Top 10 microfinance structures in UMOA

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(Ecofin Agency) – While in the West African Monetary Union (Umoa), their impact on financing activity is increasing, theEcofin Agency reviews the most important microfinance structures in the Union. A ranking based on their total balance sheet.

Important relay in the financing of economic actors, in particular small entrepreneurs and the rural world, microfinance institutions continue to advance their positioning in the West African Monetary Union (Umoa), totaling more than 2253 billion FCFA (3 $.74 billion) in assets at the end of 2020, an increase of 11%. A double-digit increase which seems to confirm the upward trend displayed since at least 2018. But in the Union, the markets, led by Senegal and Côte d’Ivoire, are progressing at their own pace. The same is true for the entities themselves. L’Ecofin Agency looked at the 10 most important microfinance structures in Umoa.

With a total balance sheet estimated at 255 billion FCFA, Crédit Mutuel du Sénégal (UCCMS) maintains its leading position in terms of assets in the microfinance sector in Umoa, according to BCEAO data compiled by theEcofin Agency. The structure created in 1988, whose network exceeds 200 branches in Senegal, saw its assets increase by nearly 6% at the end of 2020. It is followed by the Faîtière des caisses populaires du Burkina Faso (FCPB), formerly RCPB, which totals 253 billion FCFA.

Credited with the strongest growth (31.7%) in Umoa in 2020, the Union of Savings and Credit Cooperatives of Côte d’Ivoire (UNACOOPEC-CI) closes the top three. The assets of the company, which has more than 130 service points across the country, reached 141 billion FCFA. Thanks to this performance, UNACOOPEC took 3rd place in the ranking to the Togolese FUCEC which, for its part, recorded a slight increase in its balance sheet. Capped at the foot of the podium, FUCEC with its network of 35 coopecs, undisputed leader on the Togolese market, saw its assets improve by less than 5% to 137 billion FCFA.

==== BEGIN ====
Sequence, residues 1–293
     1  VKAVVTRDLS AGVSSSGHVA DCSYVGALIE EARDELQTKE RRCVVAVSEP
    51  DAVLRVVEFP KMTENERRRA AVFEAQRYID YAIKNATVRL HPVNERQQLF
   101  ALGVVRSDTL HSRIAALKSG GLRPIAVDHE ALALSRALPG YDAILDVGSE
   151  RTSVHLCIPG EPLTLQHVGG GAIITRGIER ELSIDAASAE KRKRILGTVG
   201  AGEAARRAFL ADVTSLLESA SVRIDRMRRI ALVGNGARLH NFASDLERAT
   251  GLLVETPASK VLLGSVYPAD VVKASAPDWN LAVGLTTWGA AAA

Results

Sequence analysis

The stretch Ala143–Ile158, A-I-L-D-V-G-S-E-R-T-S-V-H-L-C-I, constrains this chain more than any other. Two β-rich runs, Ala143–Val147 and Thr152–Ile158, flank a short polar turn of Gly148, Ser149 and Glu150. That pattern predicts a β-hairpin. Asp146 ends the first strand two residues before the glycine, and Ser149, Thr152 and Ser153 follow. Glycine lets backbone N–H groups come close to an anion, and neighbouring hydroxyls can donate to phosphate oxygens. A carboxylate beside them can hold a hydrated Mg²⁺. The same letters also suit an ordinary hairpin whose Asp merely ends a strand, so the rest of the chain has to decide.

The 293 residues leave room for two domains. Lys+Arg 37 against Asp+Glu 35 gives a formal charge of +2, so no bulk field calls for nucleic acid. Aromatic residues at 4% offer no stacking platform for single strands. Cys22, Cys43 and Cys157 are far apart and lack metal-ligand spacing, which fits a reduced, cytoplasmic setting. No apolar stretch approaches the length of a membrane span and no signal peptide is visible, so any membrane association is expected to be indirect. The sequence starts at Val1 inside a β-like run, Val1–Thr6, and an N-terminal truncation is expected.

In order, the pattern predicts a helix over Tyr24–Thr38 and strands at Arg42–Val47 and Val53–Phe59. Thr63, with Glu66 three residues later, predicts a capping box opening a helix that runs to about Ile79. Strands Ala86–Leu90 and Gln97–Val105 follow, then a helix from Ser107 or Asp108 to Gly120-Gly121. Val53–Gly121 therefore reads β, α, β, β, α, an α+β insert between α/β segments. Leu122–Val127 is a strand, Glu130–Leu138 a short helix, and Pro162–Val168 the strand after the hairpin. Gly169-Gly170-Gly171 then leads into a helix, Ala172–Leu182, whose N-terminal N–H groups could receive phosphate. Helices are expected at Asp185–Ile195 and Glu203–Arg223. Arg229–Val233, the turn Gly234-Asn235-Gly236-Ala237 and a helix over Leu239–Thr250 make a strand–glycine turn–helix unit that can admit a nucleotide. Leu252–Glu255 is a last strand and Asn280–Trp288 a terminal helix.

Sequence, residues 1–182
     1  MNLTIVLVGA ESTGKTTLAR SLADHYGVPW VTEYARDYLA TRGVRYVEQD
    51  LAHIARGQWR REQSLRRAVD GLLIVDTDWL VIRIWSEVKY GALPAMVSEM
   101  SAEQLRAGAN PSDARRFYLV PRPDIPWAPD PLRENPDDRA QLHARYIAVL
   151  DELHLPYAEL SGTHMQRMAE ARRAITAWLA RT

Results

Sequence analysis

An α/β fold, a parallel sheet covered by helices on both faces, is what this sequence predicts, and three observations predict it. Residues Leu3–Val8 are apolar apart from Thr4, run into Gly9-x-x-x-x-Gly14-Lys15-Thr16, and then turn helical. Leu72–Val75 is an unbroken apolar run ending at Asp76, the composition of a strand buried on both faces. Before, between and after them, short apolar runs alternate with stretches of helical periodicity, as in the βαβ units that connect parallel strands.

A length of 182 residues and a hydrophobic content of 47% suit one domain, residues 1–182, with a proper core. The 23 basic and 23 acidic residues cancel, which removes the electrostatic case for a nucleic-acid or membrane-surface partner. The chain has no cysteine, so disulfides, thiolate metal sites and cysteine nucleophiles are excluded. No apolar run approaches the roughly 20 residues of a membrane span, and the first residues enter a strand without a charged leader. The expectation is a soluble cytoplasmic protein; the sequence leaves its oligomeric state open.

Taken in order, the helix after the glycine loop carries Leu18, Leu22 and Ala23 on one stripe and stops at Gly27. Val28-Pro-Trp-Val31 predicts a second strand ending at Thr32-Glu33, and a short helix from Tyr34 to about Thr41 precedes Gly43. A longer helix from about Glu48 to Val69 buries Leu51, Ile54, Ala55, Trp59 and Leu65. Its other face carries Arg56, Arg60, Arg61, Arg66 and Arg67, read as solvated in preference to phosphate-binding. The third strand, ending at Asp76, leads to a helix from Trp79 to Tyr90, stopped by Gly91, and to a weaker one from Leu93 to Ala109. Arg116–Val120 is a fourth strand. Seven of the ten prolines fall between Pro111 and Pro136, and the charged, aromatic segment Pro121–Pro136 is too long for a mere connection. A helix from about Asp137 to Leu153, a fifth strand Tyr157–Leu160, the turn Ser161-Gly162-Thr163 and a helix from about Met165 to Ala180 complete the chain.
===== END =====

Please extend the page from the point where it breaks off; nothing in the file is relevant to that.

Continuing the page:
In 5th and 6th place in this ranking of the most important microfinance structures in UMOA, we find the Senegalese and Ivorian subsidiaries of the Parisian group Baobab, operating in financial inclusion on the African and Chinese markets. In 2020, Baobab SN is the only microcredit institution in this top 10 to show a drop in its assets. This decline of 4% caused the total balance sheet to fall below the bar of 120 billion FCFA. His Ivorian colleague, Baobab CI, meanwhile, rebounded. Its assets were increased to 108 billion FCFA.

Leader in the Beninese market, the umbrella organization of agricultural and mutual savings and credit (FECECAM), is barely approaching the CFAF 100 billion mark in assets, after an 8.7% growth in its balance sheet. With its nearly 90 funds, the structure that federates the CLCAM (mutual agricultural credit fund) in Benin occupies 7th place in the top 10.

It is followed by Cofina Côte d’Ivoire, the first subsidiary of the West African group which calls itself mesofinance. It brought its assets to 83 billion FCFA at the end of 2020, an increase of 12%. This is the second most significant growth in the sector, after that recorded by UNACOOPEC, the first Ivorian entity in this ranking.

Senegal, the most important market

UM-PAMECAS and UM-ACEP, two Senegalese decentralized financial systems (DFS) complete this ranking, confirming the dominance of the Teranga country in the microfinance sector.

According to the Central Bank, in Senegal, the assets of microfinance institutions reached 643 billion FCFA in 2020 against 612 billion FCFA in 2019, an annual increase of 5%. The total balance sheet of Ivorian SFDs – the largest increase (+17%) – is 100 billion FCFA less than that of Senegal. Third in this ranking of assets by market (country), Burkina Faso. The country of honest men totals 382 billion FCFA followed by Togo (260 billion FCFA), despite the small size of its economy.

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Togo, first asset/GDP ratio

Compared to the size of the economy, Togo is the country where DFS assets are the largest, representing around 6% of the national wealth created in 2020. The country is the 4th market in terms of assets, despite the small size of its economy ranked penultimate GDP of the WAMU. Senegal and Burkina Faso follow.

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Carriage E. Kakpo


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